This creates many opportunities to use this data to tell stories. To help citizens and the private sector understand what is happening across governments, means not just access to this data, but tools that allow people to dig through, analyse it, use diagrams and maps to make sense of it and to connect information in a way that is understandable, engaging and useful to the general public.

    This talk shows some of the possibilities available today and looks at what may be possible as governments around the world open up. It shows some of the ground-breaking work done in Australia. The talk touches on issues around transparency, accountability, systems of protection, data ethics frameworks, and ultimately how to build trust.

    Throughout, we'll see some of the work by Nook Studios building systems for government, including the ground-breaking Common Ground mining title information system, as well as tools that help link and connect information in a meaningful way using data pathways.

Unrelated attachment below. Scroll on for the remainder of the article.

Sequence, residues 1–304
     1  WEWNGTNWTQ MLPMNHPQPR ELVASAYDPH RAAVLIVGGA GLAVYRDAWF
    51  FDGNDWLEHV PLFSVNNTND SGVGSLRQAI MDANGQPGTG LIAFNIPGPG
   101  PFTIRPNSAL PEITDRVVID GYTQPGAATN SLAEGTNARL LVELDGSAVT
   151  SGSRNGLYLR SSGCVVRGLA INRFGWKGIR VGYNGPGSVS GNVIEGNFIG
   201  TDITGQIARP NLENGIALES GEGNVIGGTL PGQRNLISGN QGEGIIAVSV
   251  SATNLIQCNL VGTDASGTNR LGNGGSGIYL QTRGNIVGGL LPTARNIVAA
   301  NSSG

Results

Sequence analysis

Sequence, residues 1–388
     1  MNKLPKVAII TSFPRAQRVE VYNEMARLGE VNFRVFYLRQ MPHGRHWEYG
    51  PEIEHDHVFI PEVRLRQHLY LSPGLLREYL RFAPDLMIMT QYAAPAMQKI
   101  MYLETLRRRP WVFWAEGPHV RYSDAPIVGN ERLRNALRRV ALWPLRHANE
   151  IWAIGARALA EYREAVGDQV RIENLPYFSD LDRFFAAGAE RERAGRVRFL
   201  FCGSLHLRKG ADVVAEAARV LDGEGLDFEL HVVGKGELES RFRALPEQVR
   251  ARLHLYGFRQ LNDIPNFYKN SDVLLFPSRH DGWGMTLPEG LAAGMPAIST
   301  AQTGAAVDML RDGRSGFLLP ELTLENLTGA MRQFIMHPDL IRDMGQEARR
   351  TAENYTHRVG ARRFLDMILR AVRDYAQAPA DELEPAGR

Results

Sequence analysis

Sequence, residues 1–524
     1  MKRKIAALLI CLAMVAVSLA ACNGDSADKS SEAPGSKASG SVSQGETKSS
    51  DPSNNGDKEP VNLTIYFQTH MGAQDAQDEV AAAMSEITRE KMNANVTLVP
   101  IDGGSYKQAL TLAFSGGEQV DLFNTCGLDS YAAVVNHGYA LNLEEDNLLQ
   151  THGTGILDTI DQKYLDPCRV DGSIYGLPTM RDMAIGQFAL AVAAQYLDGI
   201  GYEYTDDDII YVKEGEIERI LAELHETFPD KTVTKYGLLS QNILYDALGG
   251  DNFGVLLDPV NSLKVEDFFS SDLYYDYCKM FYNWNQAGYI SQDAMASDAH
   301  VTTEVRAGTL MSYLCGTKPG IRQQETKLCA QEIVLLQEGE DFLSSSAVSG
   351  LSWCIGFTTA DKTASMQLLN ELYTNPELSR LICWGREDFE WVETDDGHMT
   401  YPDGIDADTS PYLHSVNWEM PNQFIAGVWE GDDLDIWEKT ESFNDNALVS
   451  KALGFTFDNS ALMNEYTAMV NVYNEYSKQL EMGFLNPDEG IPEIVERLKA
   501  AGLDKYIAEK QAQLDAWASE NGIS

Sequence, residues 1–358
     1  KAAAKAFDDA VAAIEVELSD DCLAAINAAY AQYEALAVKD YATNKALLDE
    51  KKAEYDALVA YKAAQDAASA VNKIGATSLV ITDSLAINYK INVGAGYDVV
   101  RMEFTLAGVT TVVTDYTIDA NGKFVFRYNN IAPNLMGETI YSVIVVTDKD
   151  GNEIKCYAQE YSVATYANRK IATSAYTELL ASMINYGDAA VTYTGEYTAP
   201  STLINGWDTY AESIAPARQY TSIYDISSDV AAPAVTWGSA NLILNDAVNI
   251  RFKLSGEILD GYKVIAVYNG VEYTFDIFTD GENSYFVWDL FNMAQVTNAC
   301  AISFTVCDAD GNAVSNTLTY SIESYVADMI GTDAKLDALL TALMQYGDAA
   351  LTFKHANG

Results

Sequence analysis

14:05
14:40
15:10

    Afternoon Break - 30 mins

15:40
  • schedule  03:40 - 04:10 PM place Red Room people 77 Interested star_halfRate

    Geometric Deep Learning (GDL) is a fast developing machine learning specialisation that uses the network structure underlying the data to improve learning outcomes. GDL has been successfully applied to problems in various domains with network-structured data, such as social science, medicine, media, finance, etc.

    Inspired by the success of neural networks in domains such as computer vision and natural language processing, the core component driving GDL is the graph convolution operator. This operator is used as the building block for deep learning models applied to networks. This approach takes advantage of many algorithmic and computational developments from modern neural network research and practice – such as composability, optimisation, and end-to-end training – to improve predictive performance.